...community. I know all my neighbors, plus hundreds of people in my town area. Contrast that to when I lived the city lifestyle, I was friends with one neighbor and could recognize a couple more if I met them on the street. But in general, I knew very few people. I could have died and the neighbors wouldn't have noticed it for days.
...a sense of safety. The country surely isn't devoid of crime, but it much safer than the city.
...freedom. At least where I'm living, people are more free to follow their hearts. There is not the intense scrutiny from the "department to make you sad", compared to the city. You can paint your house any color you want, replace your house roof without the building department official showing up, keep a junk vehicle in your driveway, turn your front lawn into a vegetable garden, set up a table along the road to sell your excess vegetables, butcher out your cow or pig without complaints, etc.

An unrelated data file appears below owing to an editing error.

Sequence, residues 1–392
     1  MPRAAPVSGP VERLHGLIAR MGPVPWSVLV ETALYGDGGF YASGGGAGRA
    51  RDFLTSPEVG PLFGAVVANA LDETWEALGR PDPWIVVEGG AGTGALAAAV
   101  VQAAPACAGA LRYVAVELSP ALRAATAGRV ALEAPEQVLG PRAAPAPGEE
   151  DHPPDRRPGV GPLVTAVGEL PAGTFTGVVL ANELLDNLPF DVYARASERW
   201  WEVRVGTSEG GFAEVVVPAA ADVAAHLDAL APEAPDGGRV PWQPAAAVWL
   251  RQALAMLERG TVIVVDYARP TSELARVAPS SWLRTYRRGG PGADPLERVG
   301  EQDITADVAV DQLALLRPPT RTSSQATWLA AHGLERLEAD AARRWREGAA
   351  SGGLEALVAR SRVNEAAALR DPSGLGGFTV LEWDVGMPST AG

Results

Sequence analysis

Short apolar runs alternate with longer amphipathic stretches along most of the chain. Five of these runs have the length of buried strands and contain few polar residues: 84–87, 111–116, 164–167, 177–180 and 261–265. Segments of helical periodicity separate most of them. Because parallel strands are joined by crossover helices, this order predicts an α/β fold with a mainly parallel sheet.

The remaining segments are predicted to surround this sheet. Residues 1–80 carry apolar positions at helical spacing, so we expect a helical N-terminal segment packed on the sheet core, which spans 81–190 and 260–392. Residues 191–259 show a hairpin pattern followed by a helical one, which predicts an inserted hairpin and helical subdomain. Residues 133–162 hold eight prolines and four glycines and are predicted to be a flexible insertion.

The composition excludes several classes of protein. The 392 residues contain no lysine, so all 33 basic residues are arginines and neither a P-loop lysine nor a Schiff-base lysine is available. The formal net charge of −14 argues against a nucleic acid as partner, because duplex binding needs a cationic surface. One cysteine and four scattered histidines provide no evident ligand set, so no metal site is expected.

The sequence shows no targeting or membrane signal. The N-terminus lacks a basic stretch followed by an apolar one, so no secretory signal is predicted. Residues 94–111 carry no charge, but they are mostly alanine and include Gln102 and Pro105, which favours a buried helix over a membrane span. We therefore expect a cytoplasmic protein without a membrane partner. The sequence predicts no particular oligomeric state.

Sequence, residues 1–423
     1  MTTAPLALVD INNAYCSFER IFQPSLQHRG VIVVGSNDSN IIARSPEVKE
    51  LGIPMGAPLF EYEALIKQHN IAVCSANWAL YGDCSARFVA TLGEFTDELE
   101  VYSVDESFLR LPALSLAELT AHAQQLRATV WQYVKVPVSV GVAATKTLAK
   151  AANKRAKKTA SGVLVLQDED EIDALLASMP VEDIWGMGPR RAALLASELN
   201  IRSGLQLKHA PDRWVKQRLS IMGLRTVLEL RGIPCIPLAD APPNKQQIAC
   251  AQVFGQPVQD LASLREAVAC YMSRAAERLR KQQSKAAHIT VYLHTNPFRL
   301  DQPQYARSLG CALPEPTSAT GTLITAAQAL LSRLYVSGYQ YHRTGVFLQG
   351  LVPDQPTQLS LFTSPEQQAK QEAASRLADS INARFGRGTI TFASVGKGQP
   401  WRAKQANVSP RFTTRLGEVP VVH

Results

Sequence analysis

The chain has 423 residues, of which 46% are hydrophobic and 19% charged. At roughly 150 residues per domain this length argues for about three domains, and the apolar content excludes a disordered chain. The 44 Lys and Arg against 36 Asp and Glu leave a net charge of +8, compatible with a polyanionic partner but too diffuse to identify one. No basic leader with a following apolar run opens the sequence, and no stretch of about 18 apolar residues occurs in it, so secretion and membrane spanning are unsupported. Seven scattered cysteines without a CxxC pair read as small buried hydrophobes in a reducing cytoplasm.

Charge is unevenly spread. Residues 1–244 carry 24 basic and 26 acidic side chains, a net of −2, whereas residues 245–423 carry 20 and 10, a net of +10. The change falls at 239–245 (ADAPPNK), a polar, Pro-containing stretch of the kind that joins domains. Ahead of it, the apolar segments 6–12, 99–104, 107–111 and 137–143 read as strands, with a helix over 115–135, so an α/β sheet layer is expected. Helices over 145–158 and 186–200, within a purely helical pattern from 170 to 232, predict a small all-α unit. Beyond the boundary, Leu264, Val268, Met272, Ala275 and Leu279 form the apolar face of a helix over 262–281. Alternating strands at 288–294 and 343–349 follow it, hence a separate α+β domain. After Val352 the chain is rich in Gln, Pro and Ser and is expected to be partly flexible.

...privacy. I could walk out my back door naked and nobody would see me. There's no one spying on us through our windows. I had that problem all the time when living in the city, though I wasn't aware of it initially. There's no one snooping through my trash can or peeping over my privacy fence.
Yes, there are downsides to being rural, but for me the positive aspects make rural living worth it.
It's never too late to start! I retired to homestead on the slopes of Mauna Loa, an active volcano. I relate snippets of my endeavor on my blog : www.kaufarmer.blogspot.com
I like the security of it. When I wake up in the house at night because I heard a noise, I don't even have to think about what the noise was. If the dogs aren't ruckusing, it's not important. Go back to sleep.
There's never a surprise knock on the door. Nobody ever messes with a vehicle. No pamphlets under a windshield wiper. People drive by, but they don't go down driveways where they don't have business you are going to recognize as legitimate.